New cannabinoid HHC in the spotlight as market evolves

A closely monitored substance by the name of hexahydrocannabinol (HHC) is the focus of a new EMCDDA report out today. Synthesised from cannabidiol (CBD) extracted from low-THC cannabis plants (hemp), it is the first semi-synthetic cannabinoid (SSC) to be reported in the EU. Although first described in the scientific literature in 1940, HHC was initially identified in Europe in May 2022. It has been monitored as a new psychoactive substance (NPS) by the EU Early Warning System (EWS) since October 2022.

At present, relatively little is known about the effects and risks of using HHC. The purpose of today’s report is to raise awareness of the rapidly evolving market for HHC and related SSCs and to provide an authoritative first overview of what is known so far.

As of 31 March 2023, identifications of HHC had been reported by 20 EU Member States and Norway (1). At the time of writing the report, HHC was not controlled in most European countries and is not scheduled under the 1961 and 1971 UN Conventions.

Since HHC was first detected in Europe, a further two SSCs, HHC acetate (HHC-O) and hexahydrocannabiphorol (HHC-P), have also been identified on the European drug market. These developments may signal the first major new change in the market for ‘legal’ replacements to cannabis since Spice-type products (containing synthetic cannabinoid receptor agonists) emerged in Europe just over 15 years ago.

According to a small number of laboratory studies, HHC appears to have broadly similar effects to THC, the main psychoactive substance in cannabis. The pharmacological and behavioural effects of HHC in humans have not been studied, although recent anecdotal reports from consumers indicate that its effects might be similar to that of cannabis.

HHC is sold openly as a replacement to cannabis and THC products in a range of highly attractive branded and unbranded products. These include low-THC cannabis (hemp) flowers and resin, onto which HHC has been sprayed or mixed (these look and smell like illicit cannabis); vape pens, e-liquids and e-liquid cartridges for use in e-cigarettes; and edibles and oils. Marketing and advertising often make comparisons to the effects of cannabis and THC.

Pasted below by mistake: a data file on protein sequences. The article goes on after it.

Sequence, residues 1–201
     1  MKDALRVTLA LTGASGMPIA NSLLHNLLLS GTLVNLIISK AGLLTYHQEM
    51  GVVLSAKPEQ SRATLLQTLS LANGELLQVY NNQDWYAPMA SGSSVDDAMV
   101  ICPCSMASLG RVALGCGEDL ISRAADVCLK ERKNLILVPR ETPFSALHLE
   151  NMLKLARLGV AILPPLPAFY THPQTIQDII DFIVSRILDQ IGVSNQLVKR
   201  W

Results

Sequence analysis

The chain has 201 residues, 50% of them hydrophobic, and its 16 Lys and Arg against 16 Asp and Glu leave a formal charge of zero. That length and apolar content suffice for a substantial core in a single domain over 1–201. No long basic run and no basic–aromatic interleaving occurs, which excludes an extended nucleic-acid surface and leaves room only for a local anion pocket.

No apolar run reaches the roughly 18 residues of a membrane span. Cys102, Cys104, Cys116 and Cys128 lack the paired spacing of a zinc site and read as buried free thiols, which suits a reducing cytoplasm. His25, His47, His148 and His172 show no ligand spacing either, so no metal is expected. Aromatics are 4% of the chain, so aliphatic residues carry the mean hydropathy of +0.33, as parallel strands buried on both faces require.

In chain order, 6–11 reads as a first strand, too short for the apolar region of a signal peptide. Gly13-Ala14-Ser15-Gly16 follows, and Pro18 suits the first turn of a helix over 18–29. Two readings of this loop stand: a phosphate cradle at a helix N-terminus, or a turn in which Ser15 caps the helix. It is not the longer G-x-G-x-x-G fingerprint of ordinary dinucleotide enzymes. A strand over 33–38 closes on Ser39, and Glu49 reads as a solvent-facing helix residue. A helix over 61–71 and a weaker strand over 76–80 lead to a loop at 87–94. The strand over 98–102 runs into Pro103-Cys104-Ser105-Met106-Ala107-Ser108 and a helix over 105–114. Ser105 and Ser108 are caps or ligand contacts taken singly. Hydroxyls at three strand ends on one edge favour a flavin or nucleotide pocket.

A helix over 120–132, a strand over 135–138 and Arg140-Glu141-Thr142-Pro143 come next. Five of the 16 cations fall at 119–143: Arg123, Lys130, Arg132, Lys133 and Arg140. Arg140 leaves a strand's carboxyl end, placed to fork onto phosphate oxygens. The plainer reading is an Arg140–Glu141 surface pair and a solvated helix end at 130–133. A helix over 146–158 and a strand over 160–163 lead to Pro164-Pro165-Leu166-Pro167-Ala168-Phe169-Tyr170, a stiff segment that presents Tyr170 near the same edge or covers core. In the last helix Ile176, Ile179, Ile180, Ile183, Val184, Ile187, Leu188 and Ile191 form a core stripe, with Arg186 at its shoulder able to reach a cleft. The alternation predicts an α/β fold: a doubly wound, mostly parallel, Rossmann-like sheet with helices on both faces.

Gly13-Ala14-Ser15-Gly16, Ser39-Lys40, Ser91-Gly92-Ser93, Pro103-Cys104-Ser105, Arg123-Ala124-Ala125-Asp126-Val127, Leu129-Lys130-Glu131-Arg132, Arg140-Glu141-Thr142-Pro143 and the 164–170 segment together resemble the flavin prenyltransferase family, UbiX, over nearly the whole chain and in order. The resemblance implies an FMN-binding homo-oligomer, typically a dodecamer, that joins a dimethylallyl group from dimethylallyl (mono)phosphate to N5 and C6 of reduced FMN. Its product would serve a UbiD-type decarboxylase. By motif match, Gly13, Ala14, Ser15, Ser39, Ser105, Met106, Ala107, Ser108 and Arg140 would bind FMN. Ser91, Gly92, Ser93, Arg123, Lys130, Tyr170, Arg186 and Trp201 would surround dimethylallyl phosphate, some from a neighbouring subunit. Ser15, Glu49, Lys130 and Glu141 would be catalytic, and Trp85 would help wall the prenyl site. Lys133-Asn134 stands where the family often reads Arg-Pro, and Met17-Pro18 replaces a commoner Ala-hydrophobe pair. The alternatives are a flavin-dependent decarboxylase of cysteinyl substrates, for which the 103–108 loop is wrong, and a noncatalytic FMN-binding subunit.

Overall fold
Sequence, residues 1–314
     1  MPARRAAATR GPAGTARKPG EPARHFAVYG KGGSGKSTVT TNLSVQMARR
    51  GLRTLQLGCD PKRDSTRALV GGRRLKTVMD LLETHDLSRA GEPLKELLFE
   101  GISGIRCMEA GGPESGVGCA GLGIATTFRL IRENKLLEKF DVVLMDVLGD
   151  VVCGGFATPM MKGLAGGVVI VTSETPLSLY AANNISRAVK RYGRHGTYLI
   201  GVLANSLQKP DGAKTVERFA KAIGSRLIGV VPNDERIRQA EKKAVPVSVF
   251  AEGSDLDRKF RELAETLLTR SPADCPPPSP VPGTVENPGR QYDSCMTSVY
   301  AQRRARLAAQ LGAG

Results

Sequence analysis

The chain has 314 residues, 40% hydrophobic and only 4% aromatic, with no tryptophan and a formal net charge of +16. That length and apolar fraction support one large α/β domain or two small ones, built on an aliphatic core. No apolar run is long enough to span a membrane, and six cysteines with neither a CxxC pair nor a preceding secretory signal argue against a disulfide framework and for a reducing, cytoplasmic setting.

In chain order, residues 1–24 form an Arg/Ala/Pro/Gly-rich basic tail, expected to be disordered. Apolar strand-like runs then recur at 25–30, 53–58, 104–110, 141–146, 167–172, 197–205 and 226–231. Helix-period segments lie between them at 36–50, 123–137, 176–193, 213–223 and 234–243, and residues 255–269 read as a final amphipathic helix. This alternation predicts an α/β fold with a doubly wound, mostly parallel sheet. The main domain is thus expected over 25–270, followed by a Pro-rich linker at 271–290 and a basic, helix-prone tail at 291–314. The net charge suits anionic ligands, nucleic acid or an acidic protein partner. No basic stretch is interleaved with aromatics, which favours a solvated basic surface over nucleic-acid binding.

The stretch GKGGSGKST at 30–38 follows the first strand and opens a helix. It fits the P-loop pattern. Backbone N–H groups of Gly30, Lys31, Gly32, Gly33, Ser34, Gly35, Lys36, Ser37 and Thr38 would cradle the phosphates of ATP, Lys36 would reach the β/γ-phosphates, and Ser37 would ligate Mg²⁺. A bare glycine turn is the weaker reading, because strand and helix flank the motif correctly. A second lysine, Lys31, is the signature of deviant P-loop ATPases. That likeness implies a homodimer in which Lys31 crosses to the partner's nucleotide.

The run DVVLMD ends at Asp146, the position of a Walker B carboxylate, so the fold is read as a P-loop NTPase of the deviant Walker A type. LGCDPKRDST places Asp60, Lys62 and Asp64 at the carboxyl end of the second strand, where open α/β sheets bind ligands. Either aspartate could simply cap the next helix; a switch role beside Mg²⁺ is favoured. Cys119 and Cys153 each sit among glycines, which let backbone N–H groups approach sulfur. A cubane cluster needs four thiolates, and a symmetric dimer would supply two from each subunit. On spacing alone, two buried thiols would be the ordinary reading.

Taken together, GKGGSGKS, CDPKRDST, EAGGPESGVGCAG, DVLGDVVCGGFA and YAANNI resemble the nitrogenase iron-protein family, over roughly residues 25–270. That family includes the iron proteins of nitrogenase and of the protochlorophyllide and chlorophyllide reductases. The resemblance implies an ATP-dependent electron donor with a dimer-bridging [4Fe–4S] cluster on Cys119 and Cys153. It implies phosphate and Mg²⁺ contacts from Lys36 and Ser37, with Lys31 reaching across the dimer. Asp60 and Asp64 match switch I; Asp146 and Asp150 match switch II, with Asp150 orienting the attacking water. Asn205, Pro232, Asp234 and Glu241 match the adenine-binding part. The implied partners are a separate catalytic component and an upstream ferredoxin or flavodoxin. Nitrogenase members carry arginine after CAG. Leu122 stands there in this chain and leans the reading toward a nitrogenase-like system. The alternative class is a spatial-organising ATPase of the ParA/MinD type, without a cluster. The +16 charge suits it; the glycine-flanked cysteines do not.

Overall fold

Since October 2022, the EMCDDA has received reports of around 50 seizures of products containing HHC through the EWS, amounting to some 70 kg and almost 100 litres of material. While most of these were small-scale, three large seizures in Italy, Poland and Germany suggest a potentially larger trade.

HHC may be used by existing cannabis users and new consumers attracted to its effects and legal status — including young and other inexperienced people. In some cases, ease of access (e.g. through high street CBD and vape shops), may promote use.

HHC appears to have first been sold in the US in around September 2021. The arrival on the US drug market of HHC and other SSCs seems to be linked to legislative changes there (2).

Today’s report is one of a range of EMCDDA actions to respond to potential public health and social risks from this new market. These include close monitoring of the situation and regular review of signals on these substances via the EWS, as well as a technical expert meeting held in December 2022. Together, these actions are intended to strengthen awareness of this emerging issue and to support preparedness and response measures at national and EU level.